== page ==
Lee responded: “You still haven’t talked about the issue in public schools as it relates to black and brown students and the high disparity rates as it relates to suspensions and expulsions. Is race a factor? Do you believe that or not?” (Recent research in Louisiana found that black students receive longer suspensions than white students involved in the same fights, though the difference was very small.)

Again, DeVos did not reply directly.

“There is no place for discrimination and there is no tolerance for discrimination, and we will continue to uphold that,” she said. “I’m very proud of the record of the Office of Civil Rights in continuing to address issues that arise to that level.”

Lee responded that the administration has proposed cuts to that office; DeVos said the reduction was modest — less than 1 percent — and that “they are able to do more with less.”

The specific policy decision that DeVos faces is the future of a directive issued in 2014 by the Obama administration designed to push school districts to reduce racial disparities in suspensions and expulsions. Conservatives and some teachers have pushed DeVos to rescind this guidance, while civil rights groups have said it is crucial for ensuring black and Hispanic students are not discriminated against.

That was a focus of another hearing in the House on Tuesday precipitated by the shooting last month at Marjory Stoneman Douglas High School in Parkland, Florida.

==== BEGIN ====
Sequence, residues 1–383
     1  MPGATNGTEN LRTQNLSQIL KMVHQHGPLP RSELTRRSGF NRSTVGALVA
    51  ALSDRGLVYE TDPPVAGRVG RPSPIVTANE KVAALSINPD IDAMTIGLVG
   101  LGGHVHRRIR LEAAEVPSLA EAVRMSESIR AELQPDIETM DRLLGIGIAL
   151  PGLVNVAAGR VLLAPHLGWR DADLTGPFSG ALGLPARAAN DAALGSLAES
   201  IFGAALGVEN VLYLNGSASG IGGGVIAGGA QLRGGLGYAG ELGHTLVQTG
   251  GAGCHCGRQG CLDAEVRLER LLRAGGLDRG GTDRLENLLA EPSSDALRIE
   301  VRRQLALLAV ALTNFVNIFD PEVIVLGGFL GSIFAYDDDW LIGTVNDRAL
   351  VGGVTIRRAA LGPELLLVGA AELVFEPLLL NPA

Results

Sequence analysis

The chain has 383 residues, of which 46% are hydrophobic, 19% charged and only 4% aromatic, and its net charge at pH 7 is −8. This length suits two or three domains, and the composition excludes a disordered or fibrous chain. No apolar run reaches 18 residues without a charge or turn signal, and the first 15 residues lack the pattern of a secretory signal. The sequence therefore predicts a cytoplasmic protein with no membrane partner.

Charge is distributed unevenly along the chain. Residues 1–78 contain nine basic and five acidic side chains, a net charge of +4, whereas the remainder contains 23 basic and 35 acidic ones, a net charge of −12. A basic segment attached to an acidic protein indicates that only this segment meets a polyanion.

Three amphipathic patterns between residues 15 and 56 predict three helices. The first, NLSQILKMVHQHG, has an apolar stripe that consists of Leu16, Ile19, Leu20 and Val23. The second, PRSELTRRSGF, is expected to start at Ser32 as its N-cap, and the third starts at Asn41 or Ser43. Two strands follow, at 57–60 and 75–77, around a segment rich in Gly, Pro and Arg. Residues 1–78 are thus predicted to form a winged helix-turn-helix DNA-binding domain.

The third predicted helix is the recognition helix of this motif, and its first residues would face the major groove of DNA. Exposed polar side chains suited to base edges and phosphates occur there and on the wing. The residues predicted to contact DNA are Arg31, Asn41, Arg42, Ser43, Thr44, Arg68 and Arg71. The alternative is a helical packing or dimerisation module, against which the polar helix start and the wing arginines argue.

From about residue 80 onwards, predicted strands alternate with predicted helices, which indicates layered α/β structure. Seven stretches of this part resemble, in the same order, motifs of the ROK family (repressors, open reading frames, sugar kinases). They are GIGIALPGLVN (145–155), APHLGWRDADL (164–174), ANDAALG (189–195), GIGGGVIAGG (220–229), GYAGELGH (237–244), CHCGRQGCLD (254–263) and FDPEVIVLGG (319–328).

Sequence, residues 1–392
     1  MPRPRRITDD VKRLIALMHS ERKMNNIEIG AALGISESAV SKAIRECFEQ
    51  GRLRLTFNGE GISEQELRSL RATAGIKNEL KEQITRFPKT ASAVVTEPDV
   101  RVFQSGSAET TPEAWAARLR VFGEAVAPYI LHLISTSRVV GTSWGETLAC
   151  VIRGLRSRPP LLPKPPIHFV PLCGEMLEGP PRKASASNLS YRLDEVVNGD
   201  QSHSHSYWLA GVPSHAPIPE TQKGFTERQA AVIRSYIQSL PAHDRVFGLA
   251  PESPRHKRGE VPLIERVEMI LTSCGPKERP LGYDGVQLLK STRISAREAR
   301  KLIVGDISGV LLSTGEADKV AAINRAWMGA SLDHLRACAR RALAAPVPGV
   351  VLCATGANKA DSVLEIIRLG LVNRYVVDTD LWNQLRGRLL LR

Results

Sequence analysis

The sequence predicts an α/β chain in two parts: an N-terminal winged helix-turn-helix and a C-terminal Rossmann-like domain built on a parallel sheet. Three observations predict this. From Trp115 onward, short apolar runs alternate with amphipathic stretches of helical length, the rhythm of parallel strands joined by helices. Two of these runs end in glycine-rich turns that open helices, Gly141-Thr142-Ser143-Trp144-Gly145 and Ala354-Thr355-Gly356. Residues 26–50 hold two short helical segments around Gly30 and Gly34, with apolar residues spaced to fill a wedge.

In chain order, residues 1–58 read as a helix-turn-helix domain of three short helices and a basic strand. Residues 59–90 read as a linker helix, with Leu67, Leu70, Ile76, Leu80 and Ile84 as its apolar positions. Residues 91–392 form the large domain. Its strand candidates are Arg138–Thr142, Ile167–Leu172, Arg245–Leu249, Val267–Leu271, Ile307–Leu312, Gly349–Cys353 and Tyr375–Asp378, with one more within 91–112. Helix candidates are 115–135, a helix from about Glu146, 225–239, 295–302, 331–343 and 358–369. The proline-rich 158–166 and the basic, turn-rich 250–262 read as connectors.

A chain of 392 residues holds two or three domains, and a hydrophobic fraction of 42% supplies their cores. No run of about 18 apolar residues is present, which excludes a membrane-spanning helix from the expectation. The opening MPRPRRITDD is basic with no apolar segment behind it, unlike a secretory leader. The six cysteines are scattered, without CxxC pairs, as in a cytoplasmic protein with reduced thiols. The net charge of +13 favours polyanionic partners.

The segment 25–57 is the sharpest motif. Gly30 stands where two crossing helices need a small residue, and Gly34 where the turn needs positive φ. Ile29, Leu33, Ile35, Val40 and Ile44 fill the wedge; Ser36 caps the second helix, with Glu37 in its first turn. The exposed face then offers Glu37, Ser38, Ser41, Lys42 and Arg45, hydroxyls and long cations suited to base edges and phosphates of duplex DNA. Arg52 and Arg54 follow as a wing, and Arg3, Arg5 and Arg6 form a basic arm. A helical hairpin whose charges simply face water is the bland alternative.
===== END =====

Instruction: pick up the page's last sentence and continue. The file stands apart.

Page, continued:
Rep. Jim Sensenbrenner, a Wisconsin Republican, falsely claimed in his opening statement that Broward County Public Schools rewrote its discipline policy based on the federal guidance — an idea that has percolated through conservative media for weeks and been promoted by other lawmakers, including Florida Sen. Marco Rubio and Utah Sen. Mike Lee. In fact, the Broward County rules were put into place in 2013, before the Obama administration guidance was issued.

The Manhattan Institute’s Max Eden, a leading critic of Obama administration’s guidance, acknowledged in his own testimony that the Broward policy predated these rules. But he suggested that policies like Broward’s and the Obama administration’s guidance have made schools less safe.

“Faced with pressure to get the numbers down, the easiest path is to simply not address, or to not record, troubling, even violent, behavior,” he said.

Kristen Harper, a director with research group Child Trends and a former Obama administration official, disagreed. “To put it simply, neither the purpose nor the letter of the federal school discipline guidance restrict the authority of school personnel to remove a child who is threatening student safety,” she said.

There is little, if any, specific evidence linking Broward County’s policies to how Stoneman Douglas shooter Nicholas Cruz was dealt with. There’s also limited evidence about whether reducing suspensions makes schools less safe.